Home Opinion Editorials KEIKO'S STORY CAN STILL END HAPPILY
KEIKO'S STORY CAN STILL END HAPPILY
The great experiment is near an end. The multi-million dollar effort to return Keiko the killer whale to the wild has failed. The people who have valiantly been trying to get Keiko accustomed to life at sea now are looking for a permanent home for the orca.
Its sad to think that all the time and money that have gone into the Keiko experiment didnt result in an unqualified success. Everyone was pulling to Free Willy in his native waters with a native pod. What a success story that would have been. But the fact that Keiko refused to swim free and join a pod after more than 60 trips out of his pen this summer shouldnt come as a big surprise. Returning an animal to the wild from a life of confinement, feeding and attention may be an impossible task one that even good intentions cant overcome. Sadly, his capture and captivity eventually put him more in tune with humans than with whales.
That Keiko was moved out of the small pool at an amusement park in Mexico was a good thing. Kids all across the country saved their pennies to help free Keiko from his terrible existence as a performing whale. He was moved to the Oregon Coast Aquarium in Newport, where a larger pool meant he had more room to swim and still was able to interact with people. Anyone who saw him there knew he seemed content, though he certainly was not free. His arrival there was a joyous occasion; his departure was sad but filled with hope.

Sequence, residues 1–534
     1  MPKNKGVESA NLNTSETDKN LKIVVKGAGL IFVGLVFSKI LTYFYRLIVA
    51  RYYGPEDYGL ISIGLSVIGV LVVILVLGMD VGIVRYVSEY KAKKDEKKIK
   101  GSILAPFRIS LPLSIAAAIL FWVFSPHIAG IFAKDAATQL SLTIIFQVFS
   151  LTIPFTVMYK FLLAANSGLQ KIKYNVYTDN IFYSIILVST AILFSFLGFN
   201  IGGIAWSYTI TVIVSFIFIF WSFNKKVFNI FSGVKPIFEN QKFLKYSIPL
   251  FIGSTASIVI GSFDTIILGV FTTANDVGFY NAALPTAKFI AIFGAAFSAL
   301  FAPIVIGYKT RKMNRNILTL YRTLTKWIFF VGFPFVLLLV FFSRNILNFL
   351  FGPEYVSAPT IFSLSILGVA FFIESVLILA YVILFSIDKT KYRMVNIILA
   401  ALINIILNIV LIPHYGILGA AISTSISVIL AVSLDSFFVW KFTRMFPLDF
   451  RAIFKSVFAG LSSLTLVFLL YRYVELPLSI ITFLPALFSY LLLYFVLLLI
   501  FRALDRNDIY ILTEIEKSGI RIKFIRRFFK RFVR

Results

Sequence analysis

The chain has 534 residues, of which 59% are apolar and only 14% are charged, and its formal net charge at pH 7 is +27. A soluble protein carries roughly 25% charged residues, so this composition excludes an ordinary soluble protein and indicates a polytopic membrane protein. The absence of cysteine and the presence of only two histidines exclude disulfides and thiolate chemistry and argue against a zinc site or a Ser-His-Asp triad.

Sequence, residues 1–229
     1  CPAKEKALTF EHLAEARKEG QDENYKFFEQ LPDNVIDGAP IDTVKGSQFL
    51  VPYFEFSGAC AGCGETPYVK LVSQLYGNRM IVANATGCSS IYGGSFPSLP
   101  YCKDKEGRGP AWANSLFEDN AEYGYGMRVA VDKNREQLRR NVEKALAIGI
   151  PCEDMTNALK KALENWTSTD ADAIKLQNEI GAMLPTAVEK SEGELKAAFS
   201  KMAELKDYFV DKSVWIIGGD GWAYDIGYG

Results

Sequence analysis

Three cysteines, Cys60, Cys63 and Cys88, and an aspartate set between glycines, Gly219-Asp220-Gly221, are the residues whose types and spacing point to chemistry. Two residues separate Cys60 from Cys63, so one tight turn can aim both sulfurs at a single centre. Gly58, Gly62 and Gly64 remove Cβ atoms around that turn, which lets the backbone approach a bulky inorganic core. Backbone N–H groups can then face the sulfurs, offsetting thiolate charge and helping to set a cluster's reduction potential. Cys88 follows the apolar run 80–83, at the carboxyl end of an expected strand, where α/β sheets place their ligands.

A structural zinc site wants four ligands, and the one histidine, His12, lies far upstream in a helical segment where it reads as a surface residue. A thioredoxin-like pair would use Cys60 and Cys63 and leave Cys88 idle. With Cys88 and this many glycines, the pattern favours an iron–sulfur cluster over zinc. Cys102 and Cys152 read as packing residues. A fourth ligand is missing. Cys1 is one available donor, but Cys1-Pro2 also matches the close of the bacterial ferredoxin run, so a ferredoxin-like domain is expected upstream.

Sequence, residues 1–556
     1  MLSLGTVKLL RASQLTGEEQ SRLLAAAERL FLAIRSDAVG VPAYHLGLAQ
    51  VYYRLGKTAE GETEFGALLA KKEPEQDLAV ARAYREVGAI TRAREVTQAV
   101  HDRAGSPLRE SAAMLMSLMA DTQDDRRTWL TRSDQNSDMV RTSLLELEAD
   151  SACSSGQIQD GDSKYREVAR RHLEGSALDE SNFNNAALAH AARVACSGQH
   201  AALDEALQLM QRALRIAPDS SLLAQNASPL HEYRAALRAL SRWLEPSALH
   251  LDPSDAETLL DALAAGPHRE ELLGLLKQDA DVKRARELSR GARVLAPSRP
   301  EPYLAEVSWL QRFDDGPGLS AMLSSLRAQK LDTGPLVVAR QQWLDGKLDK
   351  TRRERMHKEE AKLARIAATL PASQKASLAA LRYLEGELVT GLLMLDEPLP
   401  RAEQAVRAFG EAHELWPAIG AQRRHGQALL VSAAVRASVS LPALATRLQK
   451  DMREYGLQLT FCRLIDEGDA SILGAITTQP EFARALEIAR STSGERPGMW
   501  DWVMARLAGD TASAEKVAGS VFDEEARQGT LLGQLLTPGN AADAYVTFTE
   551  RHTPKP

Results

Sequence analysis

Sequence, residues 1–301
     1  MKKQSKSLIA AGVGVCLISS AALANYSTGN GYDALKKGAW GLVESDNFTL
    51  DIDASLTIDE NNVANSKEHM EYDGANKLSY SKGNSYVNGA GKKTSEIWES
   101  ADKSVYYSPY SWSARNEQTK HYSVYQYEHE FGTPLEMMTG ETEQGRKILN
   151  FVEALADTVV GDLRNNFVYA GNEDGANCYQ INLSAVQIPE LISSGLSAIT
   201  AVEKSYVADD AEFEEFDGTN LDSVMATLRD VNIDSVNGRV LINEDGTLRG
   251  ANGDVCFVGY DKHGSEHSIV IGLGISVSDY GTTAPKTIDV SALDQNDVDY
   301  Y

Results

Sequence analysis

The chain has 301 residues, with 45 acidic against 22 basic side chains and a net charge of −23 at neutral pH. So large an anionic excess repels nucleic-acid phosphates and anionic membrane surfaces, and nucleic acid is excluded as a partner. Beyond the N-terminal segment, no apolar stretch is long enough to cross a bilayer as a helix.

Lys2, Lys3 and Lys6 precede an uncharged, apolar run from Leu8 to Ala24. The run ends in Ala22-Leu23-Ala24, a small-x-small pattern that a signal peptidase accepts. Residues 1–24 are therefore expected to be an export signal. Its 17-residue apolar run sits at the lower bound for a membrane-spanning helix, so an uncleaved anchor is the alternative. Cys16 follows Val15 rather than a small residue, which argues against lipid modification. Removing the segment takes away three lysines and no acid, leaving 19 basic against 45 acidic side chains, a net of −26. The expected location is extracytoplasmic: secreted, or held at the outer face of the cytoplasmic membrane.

That Keiko was returned to his native waters in a pen in Klettsvik Bay in the Westman Islands, south Iceland, also seemed like a good thing. The experiment to eventually free Keiko was worth a shot, even if it was unlikely that the whale could be made wild again.
Now, the California-based Ocean Futures Society is looking for a permanent home for Keiko, as it is likely that he will never be free, said Hallur Hallsson, Icelandic spokesman for the society. We are looking for a permanent home for Keiko where he will be cared for into old age.
The society is looking at sites in north and south Iceland, as well as Ireland. For now, Keikos pen will remain in Klettsvik Bay, where plans for a salmon farm that could have caused him health problems have fallen through.
We can only hope that Keikos handlers find him a suitable home where he will be able to live out his days in comfort. The gentle giant deserves a special place, one where he can move about and still get a chance to interact with his adopted pod humans.